Students' iPhone app a hit at global conference

Source Columbia Business Times on July 10, 2009 0 Comments
RJI iPhone Student Competition
RJI iPhone Student Competition covered in the Columbia Business Times.

Four University of Missouri students showcased their mobile phone application recently at Apple’s WorldWide Developer Conference in San Francisco. The students on Team NearBuy demonstrated a new way to deliver classified advertising as Apple Inc. unveiled a new version of its iPhone.

Team NearBuy - Anthony Brown, a senior majoring in convergence journalism; Zhenhua Ma, a doctoral student studying electrical and computer engineering, and Dan Wang and Peng Zhuang, doctoral students studying computer science - earned the trip to Apple’s annual
conference for software developers after winning the Donald W. Reynolds Journalism Institute (RJI) iPhone Student Competition this spring.

The students who participated in the competition were challenged to create innovative iPhone applications for journalism and advertising. The winners created an app called “NearBuy” that enables users to quickly locate prospective homes and real estate listings on their
smartphones. “NearBuy” quickly climbed onto the iPhone list of top 10 free business apps and has maintained a top 20 ranking for more thansix weeks.

“NearBuy shows real estate listings as pins on a map,” Brown said. “It makes locating prospective homes a snap. People can get directions to listings or call real estate agents with just two taps on their iPhones. NearBuy is fast, easy and takes the guesswork out of locating
homes in classified ads.”

Team Nearbuy members plan to unveil commercial versions of their classified advertising tools as Apple releases its iPhone 3.0 software update on June 17. UM System and MU campus officials have cleared the way for the NearBuy team to retain ownership of their software as they attempt to build a successful business from their competition experience.

Stanford University registrar Thomas Black, who has helped students at the California school develop commercial iPhone apps, believes success for Team NearBuy is likely. “That’s a very slick application,” Black said. “It’s a real competitor in (the real estate) space.”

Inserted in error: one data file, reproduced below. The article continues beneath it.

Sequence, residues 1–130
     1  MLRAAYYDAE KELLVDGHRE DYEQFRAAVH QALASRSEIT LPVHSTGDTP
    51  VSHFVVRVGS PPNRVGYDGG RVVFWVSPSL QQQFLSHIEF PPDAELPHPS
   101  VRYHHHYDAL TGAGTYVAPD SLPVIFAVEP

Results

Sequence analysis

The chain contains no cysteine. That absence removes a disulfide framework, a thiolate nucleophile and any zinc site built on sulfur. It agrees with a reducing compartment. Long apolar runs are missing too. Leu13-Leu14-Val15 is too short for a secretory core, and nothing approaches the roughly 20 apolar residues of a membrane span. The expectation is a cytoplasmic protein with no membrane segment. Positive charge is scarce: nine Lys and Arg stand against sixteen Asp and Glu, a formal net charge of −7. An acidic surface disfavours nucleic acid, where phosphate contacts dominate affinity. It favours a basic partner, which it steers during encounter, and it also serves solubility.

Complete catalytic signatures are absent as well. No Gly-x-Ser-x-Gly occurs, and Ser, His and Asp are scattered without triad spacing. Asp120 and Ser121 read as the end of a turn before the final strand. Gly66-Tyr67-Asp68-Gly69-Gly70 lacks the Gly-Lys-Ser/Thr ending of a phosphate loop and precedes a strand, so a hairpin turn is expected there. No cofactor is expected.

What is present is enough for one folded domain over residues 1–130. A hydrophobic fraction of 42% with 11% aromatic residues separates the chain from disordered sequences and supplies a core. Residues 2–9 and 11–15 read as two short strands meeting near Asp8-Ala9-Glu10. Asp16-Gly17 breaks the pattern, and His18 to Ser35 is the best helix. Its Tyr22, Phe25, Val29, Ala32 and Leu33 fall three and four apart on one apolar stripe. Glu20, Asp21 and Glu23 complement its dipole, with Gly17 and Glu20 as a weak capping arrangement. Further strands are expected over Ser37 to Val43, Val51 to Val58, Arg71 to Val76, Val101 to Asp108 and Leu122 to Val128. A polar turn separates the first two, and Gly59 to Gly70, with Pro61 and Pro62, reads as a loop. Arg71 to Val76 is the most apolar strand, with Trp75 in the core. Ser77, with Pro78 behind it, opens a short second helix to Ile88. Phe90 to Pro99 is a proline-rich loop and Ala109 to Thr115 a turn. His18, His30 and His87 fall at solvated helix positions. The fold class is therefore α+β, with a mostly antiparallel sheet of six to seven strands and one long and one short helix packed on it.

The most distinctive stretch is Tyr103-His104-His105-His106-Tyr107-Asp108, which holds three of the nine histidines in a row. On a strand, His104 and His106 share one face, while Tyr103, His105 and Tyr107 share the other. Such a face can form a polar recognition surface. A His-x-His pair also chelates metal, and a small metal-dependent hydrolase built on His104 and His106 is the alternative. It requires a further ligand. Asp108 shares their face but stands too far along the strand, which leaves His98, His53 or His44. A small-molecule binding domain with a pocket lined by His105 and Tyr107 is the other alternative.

In fact, the Mizzou students helped Black uncover a flaw in his own real estate listing while demonstrating NearBuy at the WorldWide Developers Conference. Black’s former home in Chicago has been on the market for two years, but his agent hasn’t placed it in the Google
database NearBuy uses for its listings. “I’m going to call my Realtor right now…so that I have a better chance to sell my house.”

University of Missouri System President Gary Forsee, who led a panel discussion following the competition, praised the students’ work and pointed to it as an example of how the university can help the state of Missouri create high-tech products and jobs.

“The university’s world-class researchers and talented students - like those who developed iPhone applications for this year’s competition - are driving innovation across all four campuses and the state of Missouri,” Forsee said. “It is these types of interdisciplinary projects that allow our students to shine while spurring economic development opportunities that benefit us all.”

The competition began in September 2008 with 70 students competing to develop, test and market novel iPhone applications. RJI sponsored the competition in partnership with Apple Inc. and AT&T, as well as the Missouri School of Journalism and the MU Colleges of Engineering, Business, Education, and Agriculture, Food and Natural Resources.

“It’s an opportunity to harness the entrepreneurial spirit and technological expertise of MU students in order to reinvent media content, format and delivery,” said Mike McKean, an associate professor at the Missouri School of Journalism and RJI Futures Lab director.

MU leaders for the competition included McKean; Dale Musser, director of the Information Technology Program in the College of Engineering; and Keith Politte, manager of the RJI Technology Testing Center.

“While the iPhone Competition has concluded, the initiative will continue this fall through an iPhone development class taught jointly by MU computer science and journalism faculty,” Politte said. “The competition’s impact on student entrepreneurial collaborations is
driving campus conversations regarding emerging intellectual property issues.”

Founded in 2004 with an initial grant of $31 million from The Donald W. Reynolds Foundation, the Reynolds Journalism Institute (RJI) has launched more than 60 journalism projects, most of them in collaboration with the nation’s leading private media companies and
professional journalism and advertising organizations.

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